European Rules for Biotech Foods

By George Grow

This is the VOA Special English AGRICULTURE REPORT.

European officials have approved new rules on the production and marketing of food developed through genetic engineering. Reports say the approval could lead to the end of a European ban on new biotechnology products.

The European Parliament approved the rules last month. Parliament member David Bowe of Britain proposed the new measures. He calls them the strongest biotechnology rules in the world. To become law, the fifteen European Union member countries still must approve the rules. That process may take eighteen months.

The new rules include stronger supervision of genetically changed food, seeds and drug products. They also require governments to keep public records of where such crops are grown.

Genetic engineering is the technology of changing the genes of living things. The changed gene directs the plant to do things it normally does not do. For example, the treated plants may produce more crops. Or they may resist harmful insects. This reduces the need for farmers to use chemicals to kill insects.

The use of genetic engineering in agriculture has been debated around the world in recent years. The United States Food and Drug Administration, many American farmers and agriculture companies say such crops are safe. But many people in the United States and other countries disagree.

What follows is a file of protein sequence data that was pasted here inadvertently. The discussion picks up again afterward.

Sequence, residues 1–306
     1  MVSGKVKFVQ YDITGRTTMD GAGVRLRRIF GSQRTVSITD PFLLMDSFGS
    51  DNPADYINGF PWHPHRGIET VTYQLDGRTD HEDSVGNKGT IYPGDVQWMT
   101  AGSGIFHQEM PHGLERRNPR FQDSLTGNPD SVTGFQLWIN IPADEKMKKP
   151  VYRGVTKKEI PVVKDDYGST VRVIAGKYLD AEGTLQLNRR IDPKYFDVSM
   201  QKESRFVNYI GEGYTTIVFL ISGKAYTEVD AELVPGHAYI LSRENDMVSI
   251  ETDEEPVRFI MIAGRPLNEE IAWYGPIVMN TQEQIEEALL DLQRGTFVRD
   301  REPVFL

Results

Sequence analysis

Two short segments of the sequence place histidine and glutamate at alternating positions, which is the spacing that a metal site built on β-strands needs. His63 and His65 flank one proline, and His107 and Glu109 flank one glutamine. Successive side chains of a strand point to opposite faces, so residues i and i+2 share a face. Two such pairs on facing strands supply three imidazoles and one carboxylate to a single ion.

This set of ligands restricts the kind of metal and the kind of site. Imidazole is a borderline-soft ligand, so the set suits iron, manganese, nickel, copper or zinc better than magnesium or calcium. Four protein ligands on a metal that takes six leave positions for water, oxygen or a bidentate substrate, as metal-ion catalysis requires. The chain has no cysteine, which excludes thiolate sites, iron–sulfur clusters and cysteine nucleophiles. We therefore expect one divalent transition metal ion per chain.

Some countries have closed their markets to American farm products because of concerns about genetic engineering. There have been large protests against biotechnology crops across Europe.

Officials in several European Union countries question the safety of biotechnology products. The E-U has approved permits for fewer than twenty such products. In the past three years, European officials stopped approving permits because of concerns about public health and the environment. Companies producing such foods are waiting for approval of several products.

Environmental activists have warned the E-U against ending the ban on new biotechnology products.

One group, Friends of the Earth, says the measures approved by the European Parliament will not help the public, farmers or the environment.

This VOA Special English AGRICULTURE REPORT was written by George Grow.

Voice of America Special English